environmental education, epistemology, decolonization, standpoint theory, performative writing

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This paper revolves around the question “where is here?”, a question that has implications for the politics of self and politics of place. Implications for how we think about ourselves in place, in relationality to other perspectives and epistemic positions, and specifically in relationship to specific geographical, socio-political, and historical structures. Attending to place and emplacement can help us to uncover and celebrate the vitality of particular, incomplete knowledge(s). In working to unsettle universal and hegemonic conceptions of how and what we know, this paper employs a polyphonic and queer logic, which is to say that the many voices and perspectives of this capstone are irreducible, and not fully locatable; the boundaries between them are blurred and porous and mobile. These voices will always be moving, shifting, impossible to pin or fix in place.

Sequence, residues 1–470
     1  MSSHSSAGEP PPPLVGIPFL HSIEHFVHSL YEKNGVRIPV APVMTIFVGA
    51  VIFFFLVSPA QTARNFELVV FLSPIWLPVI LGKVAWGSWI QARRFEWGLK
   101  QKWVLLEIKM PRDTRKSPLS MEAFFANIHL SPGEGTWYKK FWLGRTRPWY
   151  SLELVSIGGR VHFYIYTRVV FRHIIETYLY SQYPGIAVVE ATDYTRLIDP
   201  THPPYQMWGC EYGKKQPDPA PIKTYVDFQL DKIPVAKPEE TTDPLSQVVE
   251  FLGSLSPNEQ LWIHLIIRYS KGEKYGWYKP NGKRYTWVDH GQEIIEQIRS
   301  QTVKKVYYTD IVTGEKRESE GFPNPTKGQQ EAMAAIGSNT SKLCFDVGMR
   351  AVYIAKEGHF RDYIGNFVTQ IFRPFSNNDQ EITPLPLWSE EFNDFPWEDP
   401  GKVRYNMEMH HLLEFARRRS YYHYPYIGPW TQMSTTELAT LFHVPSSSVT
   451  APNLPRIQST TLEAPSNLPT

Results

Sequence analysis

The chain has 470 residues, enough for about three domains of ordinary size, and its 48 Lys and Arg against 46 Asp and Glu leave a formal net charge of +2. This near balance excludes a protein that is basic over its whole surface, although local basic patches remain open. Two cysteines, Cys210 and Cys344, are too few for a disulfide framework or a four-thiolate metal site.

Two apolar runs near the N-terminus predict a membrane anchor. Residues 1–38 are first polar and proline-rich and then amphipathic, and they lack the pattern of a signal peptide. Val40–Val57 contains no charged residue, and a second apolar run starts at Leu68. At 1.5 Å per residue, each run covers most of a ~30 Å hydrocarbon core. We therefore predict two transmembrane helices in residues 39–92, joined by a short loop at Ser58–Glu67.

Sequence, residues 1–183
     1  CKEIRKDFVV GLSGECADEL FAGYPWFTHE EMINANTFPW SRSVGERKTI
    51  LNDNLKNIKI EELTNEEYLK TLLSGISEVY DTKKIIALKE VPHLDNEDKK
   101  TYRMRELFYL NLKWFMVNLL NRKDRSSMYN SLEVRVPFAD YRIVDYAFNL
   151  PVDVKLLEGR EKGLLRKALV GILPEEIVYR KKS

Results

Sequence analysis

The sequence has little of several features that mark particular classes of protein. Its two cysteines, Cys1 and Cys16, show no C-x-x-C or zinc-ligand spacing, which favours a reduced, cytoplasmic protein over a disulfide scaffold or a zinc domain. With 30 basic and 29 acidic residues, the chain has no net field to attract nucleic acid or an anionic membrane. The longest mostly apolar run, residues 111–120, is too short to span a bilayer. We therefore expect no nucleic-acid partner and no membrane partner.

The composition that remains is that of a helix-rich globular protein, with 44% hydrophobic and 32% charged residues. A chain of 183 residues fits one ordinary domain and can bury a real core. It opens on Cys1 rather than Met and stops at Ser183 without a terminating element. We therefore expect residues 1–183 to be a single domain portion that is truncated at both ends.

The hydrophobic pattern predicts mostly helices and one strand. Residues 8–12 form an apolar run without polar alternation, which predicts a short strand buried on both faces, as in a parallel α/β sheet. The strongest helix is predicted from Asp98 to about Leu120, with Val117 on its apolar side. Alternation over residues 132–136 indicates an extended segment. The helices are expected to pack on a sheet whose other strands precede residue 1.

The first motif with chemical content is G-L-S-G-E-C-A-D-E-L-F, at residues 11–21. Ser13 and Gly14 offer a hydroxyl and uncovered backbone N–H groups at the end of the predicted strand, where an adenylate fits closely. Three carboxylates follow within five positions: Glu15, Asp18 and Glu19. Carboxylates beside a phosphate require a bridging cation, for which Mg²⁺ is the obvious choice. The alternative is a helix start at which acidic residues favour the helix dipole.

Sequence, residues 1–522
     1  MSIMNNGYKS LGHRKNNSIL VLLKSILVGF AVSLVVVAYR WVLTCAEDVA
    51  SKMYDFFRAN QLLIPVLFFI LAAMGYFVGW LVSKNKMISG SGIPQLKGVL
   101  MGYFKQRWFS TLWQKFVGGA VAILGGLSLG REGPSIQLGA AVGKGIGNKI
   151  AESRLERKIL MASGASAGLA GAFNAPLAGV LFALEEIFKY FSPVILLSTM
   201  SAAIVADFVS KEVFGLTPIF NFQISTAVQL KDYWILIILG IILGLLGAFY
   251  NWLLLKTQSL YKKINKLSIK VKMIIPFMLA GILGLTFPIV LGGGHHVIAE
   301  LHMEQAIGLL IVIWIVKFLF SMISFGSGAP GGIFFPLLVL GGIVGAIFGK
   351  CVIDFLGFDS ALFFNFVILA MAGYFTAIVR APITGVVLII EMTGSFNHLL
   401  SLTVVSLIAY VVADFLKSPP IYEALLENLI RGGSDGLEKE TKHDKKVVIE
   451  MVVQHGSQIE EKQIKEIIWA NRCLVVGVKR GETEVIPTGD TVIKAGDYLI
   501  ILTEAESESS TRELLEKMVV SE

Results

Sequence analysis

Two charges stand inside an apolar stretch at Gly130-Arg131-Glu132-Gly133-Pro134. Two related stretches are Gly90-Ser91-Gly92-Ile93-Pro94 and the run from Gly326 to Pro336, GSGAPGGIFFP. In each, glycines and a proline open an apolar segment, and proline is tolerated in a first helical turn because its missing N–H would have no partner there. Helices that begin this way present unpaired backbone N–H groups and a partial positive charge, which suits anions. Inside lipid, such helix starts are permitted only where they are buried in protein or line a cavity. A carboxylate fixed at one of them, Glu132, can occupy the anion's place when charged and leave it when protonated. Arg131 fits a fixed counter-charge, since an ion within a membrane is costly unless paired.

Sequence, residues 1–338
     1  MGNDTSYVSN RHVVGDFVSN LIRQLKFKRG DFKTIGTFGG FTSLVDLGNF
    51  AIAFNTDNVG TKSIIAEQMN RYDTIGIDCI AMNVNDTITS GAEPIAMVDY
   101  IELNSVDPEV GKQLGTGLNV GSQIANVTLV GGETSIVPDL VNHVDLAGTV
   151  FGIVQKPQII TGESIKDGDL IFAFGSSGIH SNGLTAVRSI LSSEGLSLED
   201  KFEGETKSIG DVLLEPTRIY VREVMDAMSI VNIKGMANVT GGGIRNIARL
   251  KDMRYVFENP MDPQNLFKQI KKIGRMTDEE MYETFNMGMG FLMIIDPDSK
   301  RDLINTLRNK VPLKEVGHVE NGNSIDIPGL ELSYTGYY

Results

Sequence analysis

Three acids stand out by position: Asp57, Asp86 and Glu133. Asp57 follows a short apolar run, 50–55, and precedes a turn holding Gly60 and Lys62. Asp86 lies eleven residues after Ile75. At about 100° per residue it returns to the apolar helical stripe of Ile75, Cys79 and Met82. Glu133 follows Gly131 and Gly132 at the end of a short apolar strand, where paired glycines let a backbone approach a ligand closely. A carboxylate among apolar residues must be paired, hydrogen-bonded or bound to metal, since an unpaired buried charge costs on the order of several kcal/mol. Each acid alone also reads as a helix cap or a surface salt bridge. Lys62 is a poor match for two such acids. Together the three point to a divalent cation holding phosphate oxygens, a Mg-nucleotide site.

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This work is licensed under a Creative Commons Attribution 4.0 License.









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